Tuesday, February 5, 2013

“JOURNEY TO THE WEST: CONQUERING THE DEMONS” (西游.降魔篇) Movie Review. Charming, Entertaining and Beautifully Crafted.

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Madcap film director STEPHEN CHOW roars back into action as he writes, produces and co-helms his latest brilliant masterpiece “JOURNEY TO THE WEST”.

The timing is set as a CHINESE NEW YEAR 2013 grand release in major ASIAN CITIES, with an ensemble cast that includes Shu Qi, Bo Huang, Zhang Wen, Show Luo and Chrissie Chow.

This production is a celebration of art, combining a stirring potpourri of martial arts, CGI monsters, quirky romance and slapstick.

 STEPHEN CHOW’s “Journey to the West” is both imaginative and affecting.

It is actually a prequel of a classic fictionalized folk lore bearing the same name, focusing on the misadventures of a Buddhist monk as he embarks on a perilous pilgrimage from China to India.

The monk travelled to the “Western Regions” during the Tang Dynasty to obtain sacred texts (sutras).

The bodhisattva Avalokitesvara (Guanyin), on instruction from the Buddha, bestows this task to the monk and his assembly of three protectors in the form of disciples – namely Sun Wukong, Zhu Bajie and Sha Wujing – together with a dragon prince who acts as Xuanzang’s steed, a white horse.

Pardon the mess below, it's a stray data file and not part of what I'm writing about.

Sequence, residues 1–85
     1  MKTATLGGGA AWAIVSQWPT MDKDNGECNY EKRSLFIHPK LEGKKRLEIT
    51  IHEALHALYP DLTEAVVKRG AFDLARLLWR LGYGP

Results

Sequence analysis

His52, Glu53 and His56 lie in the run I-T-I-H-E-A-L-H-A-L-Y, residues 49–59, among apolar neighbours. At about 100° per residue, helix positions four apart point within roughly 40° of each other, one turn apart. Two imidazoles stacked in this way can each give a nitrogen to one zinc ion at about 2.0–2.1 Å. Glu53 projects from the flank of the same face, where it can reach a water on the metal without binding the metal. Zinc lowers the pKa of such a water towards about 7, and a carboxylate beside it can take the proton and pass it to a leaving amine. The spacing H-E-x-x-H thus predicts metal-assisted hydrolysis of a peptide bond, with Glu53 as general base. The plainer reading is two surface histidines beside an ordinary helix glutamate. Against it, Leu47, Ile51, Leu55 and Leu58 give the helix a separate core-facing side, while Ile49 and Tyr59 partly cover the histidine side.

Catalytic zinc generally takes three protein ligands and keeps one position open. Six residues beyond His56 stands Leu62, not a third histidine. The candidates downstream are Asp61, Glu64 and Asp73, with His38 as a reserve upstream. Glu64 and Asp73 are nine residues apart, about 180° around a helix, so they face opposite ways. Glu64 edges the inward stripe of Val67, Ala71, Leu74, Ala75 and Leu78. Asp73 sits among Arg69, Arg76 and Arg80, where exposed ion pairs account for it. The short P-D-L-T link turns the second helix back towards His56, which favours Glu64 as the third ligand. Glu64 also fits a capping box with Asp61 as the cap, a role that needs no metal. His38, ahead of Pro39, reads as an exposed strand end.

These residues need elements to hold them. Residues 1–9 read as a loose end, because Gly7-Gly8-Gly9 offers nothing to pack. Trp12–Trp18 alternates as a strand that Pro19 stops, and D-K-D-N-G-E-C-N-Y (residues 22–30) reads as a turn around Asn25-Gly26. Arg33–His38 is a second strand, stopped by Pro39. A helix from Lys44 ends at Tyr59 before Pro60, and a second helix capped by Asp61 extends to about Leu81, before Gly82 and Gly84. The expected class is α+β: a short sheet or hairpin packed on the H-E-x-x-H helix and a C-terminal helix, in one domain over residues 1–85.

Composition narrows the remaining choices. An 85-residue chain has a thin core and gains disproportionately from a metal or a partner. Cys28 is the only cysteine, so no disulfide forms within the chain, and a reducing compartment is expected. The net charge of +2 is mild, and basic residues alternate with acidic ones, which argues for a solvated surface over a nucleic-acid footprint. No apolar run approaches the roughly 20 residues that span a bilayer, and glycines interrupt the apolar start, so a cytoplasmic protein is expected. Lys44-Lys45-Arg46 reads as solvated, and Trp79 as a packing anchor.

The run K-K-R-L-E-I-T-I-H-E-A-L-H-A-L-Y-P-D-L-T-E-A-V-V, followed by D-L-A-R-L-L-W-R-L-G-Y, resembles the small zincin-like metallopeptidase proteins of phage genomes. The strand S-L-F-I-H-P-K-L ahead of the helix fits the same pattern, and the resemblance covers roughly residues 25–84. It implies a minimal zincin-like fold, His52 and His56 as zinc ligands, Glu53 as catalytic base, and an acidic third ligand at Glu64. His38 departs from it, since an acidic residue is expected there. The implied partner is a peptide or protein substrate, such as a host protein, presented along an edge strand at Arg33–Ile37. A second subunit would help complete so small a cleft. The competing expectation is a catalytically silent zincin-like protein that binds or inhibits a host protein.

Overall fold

These four characters have agreed to help Xuanzang as atonement for their past sins.

STEPHEN CHOW is well known for his “mo lei tau” (nonsensical) brand of comedic sensibilities. You either like this or you don’t.

 In this film, he also displays an uncanny ability to juggle between comedy and tragedy. This is his directorial treatment on a well-worn tale as die-hard followers can attest to it.

Sparing the overkill of shoot, plot, locations and other technicalities, it’s kudos to the Director of Photography CHOI SUNG-PAI, Production Designer BRUCE YU and the merry team of competent actors who all rendered a splendid job.

“JOURNEY TO THE WEST” is one film you’d love to hate.

Or hate to love, paradoxically. One man’s meat is another’s poison.

If you go with an accepting mind to be entertained, then this is it.

Should you attend with a neuro-surgical mind with intent to dissect, then there are plenty of plot holes to crow about.

Whichever school of thought you are preaching from, always tread with logic.

Making a film is tedious whilst sitting in the theater harboring a literary cutting mind is another.

I enjoyed this film though I am hardly a fan of STEPHEN CHOW and his “mo lei tau” nonsense.

“JOURNEY” is charming, entertaining and beautifully crafted.

And commercially this film is destined to hit bull-eye in terms of box office takings, which would be the ultimate goal of any distributor.

Drumroll for dollars and cents, so make no bones about this.


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